ABRS diagnosis is based on clinical findings and symptoms. CT and radiography may be used to confirm sinus involvement; however, they cannot differentiate viral from bacterial cause and therefore cannot determine whether antibiotics are needed.1,4 Sinus puncture is the gold standard for ABRS diagnosis, but it is painful and expensive. Therefore, clinicians rely on their clinical judgment for diagnosis, and most err on the side of prescribing an antibiotic.1,4 The Infectious Diseases Society of America (IDSA) has outlined clinical presentations suggestive of ABRS (not viral sinusitis) and recommend that if any of the three following clinical signs and symptoms are present, empiric antibiotics are warranted: 1) persistent signs and symptoms of sinusitis for 10 or more days without improvement; 2) severe symptoms with high fever (102°F [38.9°C] or higher), facial pain, or purulent nasal discharge lasting 3 to 4 days; and 3) worsening signs or symptoms with new-onset fever, headache, or increased nasal discharge after a viral URTI that lasted 5 to 6 days and was initially improving.6
Once it is determined that the patient has ABRS, antibiotics are warranted and treatment can begin with first-line therapy. Per the IDSA Clinical Practice Guidelines for Acute Bacterial Rhinosinusitis in Children in Adults, the first-line treatment is amoxicillin-clavulanate, with a recommended treatment duration of 5 to 7 days in adults and 10 to 14 days in children. In adults with penicillin allergy, doxycycline or a respiratory fluoroquinolone (levofloxacin or moxifloxacin) is recommended as an alternative agent; in children with a type I hypersensitivity reaction to penicillin, levofloxacin is recommended. Combination therapy with a third-generation cephalosporin (cefpodoxime, cefixime) and clindamycin is recommended for children with non–type I penicillin allergy.6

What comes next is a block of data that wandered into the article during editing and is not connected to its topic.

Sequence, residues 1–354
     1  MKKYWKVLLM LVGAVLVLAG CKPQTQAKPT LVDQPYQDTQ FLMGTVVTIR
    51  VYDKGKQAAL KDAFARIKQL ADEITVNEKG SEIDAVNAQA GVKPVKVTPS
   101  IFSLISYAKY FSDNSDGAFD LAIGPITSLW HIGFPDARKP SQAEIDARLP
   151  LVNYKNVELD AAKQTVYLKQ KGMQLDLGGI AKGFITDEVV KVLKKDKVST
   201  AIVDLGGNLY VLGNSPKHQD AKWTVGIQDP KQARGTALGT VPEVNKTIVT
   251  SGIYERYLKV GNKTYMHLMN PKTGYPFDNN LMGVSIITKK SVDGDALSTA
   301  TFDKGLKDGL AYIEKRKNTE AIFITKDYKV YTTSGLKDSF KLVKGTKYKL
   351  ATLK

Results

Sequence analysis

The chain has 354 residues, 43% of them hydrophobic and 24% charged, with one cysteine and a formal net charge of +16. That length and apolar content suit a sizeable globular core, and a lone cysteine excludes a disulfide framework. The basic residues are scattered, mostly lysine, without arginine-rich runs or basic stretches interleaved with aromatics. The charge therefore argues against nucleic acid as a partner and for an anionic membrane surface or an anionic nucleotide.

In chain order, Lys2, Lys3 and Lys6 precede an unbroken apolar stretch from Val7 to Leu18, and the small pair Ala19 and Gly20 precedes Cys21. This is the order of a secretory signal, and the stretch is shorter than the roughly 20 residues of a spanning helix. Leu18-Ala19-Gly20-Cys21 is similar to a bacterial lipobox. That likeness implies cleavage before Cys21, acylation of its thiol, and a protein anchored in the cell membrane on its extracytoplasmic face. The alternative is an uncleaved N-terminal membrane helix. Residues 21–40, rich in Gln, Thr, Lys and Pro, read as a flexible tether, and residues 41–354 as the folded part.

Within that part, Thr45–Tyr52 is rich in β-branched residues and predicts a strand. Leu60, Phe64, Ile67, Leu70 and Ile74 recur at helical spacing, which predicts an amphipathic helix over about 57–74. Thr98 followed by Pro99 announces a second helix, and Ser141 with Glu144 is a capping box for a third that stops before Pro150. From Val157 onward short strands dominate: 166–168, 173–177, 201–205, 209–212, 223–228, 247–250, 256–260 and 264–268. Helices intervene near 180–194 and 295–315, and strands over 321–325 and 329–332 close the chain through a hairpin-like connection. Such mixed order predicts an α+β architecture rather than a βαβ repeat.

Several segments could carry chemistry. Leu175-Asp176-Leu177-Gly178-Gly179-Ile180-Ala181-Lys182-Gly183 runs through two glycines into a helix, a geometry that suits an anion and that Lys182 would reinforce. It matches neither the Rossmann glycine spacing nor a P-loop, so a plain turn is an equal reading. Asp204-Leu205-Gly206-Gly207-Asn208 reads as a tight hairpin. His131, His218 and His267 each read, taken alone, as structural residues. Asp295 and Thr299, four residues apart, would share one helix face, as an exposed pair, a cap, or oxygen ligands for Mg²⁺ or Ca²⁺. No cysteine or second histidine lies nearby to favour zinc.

Nasal saline irrigation may be recommended for adjunctive treatment with antibiotics. However, it is not recommended to use antihistamines or topical or oral decongestants.9 These products may be popular with patients, who feel that they help with nasal patency; however, there is little evidence supporting this claim or the suggestion that they speed up recovery.1,6 These products may also dry the nasal mucosa and prevent clearance of mucosal secretions, which is counterproductive.4 Nasal decongestants (oxymetazoline and phenylephrine) also carry a risk of rebound congestion, so their use for nasal patency and patient comfort should be limited to 3 days.4 To help reduce inflammation, intranasal corticosteroids are recommended as adjunctive therapy, especially in patients with allergic rhinitis.9 Finally, mucolytics such as guaifenesin may be used to help thin mucus, assist its clearance, and improve nasal congestion.4 In terms of sinusitis prevention, vaccines are available to prevent two bacterial causes: Hib and the pneumococcal vaccine. There is no evidence that these vaccines significantly reduce sinusitis occurrence.2 The influenza vaccine should be recommended to all patients aged 6 months and older, and it can help prevent a viral infection that may predispose a patient to developing acute sinusitis.